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Farm Bill is Ready for President’s Signature

The new Farm Bill (Agricultural Act of 2014) has passed the House and the Senate and is now awaiting the President’s signature.  The final language in the Bill did not change from the House version that was passed last week — see last week’s ASDWA Weekly Update article for more information on USDA program reorganization and funding amounts, particularly for state rural water association technical assistance and rural development.  Also, see related article (following) on the new Regional Conservation Partnership Program (RCPP).  To read the language in the full Farm Bill, go to:  http://www.gpo.gov/fdsys/pkg/BILLS-113hr2642enr/pdf/BILLS-113hr2642enr.pdf.

New RCPP Program Created under the New Farm Bill

The new Farm Bill language prioritizes nutrient management activities for funding within a newly created Regional Conservation Partnership Program (RCPP).  The Healthy Waters Coalition (which ASDWA is a member of) advocated for the RCPP to strengthen the links between our working agricultural lands and the quality of our Nation’s waters.  The RCPP replaces four existing conservation programs: the Agricultural Enhancement Program, Chesapeake Bay watershed program, the Great Lakes program for soil erosion and sediment control, and the cooperative conservation partnership initiative.

The RCPP is designed to support partnerships between farmers and non-farming entities, including municipal water and wastewater utilities, to help implement innovative nutrient management practices as an alternative to installing additional treatment technologies at the utility.  Funding for this program is being made available through the Environmental Quality Incentives Program, Conservation Stewardship Program, the Agricultural Conservation Easement Program, and the Healthy Forests Reserve Program.  This funding goes directly to agricultural producers, though partnering organizations can leverage this funding with other non-Federal funds.  Additional responsibilities of eligible partners include: conducting outreach and education to producers for potential participation in the program; assisting producers to apply for assistance, if requested; leveraging financial or technical assistance; assessing project effectiveness; and reporting results.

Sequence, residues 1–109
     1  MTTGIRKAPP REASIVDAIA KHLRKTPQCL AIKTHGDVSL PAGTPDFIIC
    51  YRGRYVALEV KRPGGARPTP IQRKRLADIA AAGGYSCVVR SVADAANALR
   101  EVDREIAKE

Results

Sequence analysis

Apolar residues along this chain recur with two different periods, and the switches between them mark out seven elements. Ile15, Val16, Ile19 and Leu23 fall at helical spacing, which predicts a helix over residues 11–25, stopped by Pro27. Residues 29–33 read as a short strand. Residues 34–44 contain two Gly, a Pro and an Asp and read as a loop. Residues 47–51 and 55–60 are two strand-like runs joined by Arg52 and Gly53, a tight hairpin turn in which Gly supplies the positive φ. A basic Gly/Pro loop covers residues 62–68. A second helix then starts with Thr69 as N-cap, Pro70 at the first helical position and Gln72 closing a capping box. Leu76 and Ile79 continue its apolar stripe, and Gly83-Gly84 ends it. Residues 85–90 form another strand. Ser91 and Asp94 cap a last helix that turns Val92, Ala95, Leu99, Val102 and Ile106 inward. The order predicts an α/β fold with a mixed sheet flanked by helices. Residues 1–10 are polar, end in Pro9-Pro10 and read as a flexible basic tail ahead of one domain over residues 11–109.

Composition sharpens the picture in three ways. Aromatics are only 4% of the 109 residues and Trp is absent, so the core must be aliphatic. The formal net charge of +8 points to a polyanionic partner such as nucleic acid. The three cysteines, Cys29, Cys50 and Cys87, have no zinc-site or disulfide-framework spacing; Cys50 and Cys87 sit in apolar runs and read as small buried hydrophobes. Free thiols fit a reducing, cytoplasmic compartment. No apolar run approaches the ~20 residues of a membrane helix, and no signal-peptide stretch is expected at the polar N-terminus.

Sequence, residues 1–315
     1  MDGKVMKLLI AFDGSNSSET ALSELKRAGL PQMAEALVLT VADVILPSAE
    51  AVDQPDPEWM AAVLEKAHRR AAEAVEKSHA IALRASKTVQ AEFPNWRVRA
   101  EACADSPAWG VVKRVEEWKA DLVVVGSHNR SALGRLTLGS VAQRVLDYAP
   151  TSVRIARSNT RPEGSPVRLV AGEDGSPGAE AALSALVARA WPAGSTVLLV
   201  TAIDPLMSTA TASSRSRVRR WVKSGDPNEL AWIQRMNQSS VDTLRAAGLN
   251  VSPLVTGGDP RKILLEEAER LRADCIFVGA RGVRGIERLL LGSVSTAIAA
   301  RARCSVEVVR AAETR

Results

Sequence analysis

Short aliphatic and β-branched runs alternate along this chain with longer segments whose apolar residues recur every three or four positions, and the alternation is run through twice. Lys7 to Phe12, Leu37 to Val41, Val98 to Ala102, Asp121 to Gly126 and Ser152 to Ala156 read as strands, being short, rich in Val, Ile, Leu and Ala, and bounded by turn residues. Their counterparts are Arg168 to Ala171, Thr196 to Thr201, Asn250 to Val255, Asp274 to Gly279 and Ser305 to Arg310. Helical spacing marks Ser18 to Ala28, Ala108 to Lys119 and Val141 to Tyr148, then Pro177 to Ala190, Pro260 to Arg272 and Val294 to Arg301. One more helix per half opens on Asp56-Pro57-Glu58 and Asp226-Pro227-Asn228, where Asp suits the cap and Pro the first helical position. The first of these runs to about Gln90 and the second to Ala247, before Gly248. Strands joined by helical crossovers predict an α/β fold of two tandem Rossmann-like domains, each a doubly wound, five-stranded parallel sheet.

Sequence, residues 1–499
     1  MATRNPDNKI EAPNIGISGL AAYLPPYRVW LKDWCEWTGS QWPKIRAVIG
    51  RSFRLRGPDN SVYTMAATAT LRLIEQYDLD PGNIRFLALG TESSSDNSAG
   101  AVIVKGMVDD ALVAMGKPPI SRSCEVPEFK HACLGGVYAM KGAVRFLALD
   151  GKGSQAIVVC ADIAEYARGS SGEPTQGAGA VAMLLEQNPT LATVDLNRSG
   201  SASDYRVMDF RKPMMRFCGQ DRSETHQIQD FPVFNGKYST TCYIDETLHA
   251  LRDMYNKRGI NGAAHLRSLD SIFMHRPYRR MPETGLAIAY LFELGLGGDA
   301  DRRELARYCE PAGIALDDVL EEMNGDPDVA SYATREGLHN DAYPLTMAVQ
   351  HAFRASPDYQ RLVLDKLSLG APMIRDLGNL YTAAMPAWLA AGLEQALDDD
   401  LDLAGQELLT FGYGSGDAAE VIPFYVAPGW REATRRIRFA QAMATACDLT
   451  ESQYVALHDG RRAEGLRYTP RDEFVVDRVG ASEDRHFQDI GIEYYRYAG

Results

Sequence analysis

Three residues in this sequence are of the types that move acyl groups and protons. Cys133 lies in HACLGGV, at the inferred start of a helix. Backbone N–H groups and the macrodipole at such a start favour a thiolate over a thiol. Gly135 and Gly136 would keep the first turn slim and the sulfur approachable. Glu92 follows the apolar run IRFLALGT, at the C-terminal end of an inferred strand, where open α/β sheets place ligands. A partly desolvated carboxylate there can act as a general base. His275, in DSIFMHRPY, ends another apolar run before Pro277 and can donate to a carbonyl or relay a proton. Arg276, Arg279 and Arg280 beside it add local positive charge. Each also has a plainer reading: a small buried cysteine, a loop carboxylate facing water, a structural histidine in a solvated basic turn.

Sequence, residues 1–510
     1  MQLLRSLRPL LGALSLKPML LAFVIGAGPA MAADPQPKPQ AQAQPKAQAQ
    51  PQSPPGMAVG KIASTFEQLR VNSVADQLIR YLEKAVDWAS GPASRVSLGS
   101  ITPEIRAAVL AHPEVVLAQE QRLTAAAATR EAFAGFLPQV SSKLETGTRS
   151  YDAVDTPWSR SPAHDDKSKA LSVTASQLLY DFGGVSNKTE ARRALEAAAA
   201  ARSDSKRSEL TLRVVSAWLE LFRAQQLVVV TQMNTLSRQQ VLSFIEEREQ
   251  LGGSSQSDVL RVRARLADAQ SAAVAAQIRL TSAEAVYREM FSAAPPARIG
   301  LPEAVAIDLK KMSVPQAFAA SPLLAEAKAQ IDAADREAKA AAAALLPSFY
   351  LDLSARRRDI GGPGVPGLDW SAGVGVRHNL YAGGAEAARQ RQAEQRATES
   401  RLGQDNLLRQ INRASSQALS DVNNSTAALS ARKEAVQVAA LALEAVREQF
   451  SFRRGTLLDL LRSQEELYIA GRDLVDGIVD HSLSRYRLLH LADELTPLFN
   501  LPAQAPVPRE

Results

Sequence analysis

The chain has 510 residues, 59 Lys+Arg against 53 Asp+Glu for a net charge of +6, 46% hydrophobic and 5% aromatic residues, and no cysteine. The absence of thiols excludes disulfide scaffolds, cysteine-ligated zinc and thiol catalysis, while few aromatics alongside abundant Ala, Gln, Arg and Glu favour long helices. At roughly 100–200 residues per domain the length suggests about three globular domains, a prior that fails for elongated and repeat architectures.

We anticipate that USDA will begin implementation of the RCPP shortly after the legislation is enacted and possibly issue a call for applications before the end of the year (see attached NACWA document for more information about the RCPP).  State drinking water programs may wish to work with their utilities to take advantage of this new RCPP partnership opportunity.

ATTACHMENT: NACWA on RCPP